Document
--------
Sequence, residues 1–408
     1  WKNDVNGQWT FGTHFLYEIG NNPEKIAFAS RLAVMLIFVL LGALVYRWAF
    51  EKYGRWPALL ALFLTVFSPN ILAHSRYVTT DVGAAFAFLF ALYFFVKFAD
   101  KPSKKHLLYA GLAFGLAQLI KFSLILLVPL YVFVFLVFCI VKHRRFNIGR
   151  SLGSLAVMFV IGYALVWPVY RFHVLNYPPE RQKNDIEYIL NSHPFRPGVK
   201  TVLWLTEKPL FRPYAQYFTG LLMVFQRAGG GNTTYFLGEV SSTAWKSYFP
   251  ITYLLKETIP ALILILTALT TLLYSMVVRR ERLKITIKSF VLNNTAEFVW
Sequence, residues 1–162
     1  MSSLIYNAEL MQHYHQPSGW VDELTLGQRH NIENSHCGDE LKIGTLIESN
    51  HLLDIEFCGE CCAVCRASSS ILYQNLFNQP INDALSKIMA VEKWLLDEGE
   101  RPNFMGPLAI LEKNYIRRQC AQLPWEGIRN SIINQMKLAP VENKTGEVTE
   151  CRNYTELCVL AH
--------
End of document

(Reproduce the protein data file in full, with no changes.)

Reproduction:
Sequence, residues 1–408
     1  WKNDVNGQWT FGTHFLYEIG NNPEKIAFAS RLAVMLIFVL LGALVYRWAF
    51  EKYGRWPALL ALFLTVFSPN ILAHSRYVTT DVGAAFAFLF ALYFFVKFAD
   101  KPSKKHLLYA GLAFGLAQLI KFSLILLVPL YVFVFLVFCI VKHRRFNIGR
   151  SLGSLAVMFV IGYALVWPVY RFHVLNYPPE RQKNDIEYIL NSHPFRPGVK
   201  TVLWLTEKPL FRPYAQYFTG LLMVFQRAGG GNTTYFLGEV SSTAWKSYFP
   251  ITYLLKETIP ALILILTALT TLLYSMVVRR ERLKITIKSF VLNNTAEFVW
Sequence, residues 1–162
     1  MSSLIYNAEL MQHYHQPSGW VDELTLGQRH NIENSHCGDE LKIGTLIESN
    51  HLLDIEFCGE CCAVCRASSS ILYQNLFNQP INDALSKIMA VEKWLLDEGE
   101  RPNFMGPLAI LEKNYIRRQC AQLPWEGIRN SIINQMKLAP VENKTGEVTE
   151  CRNYTELCVL AH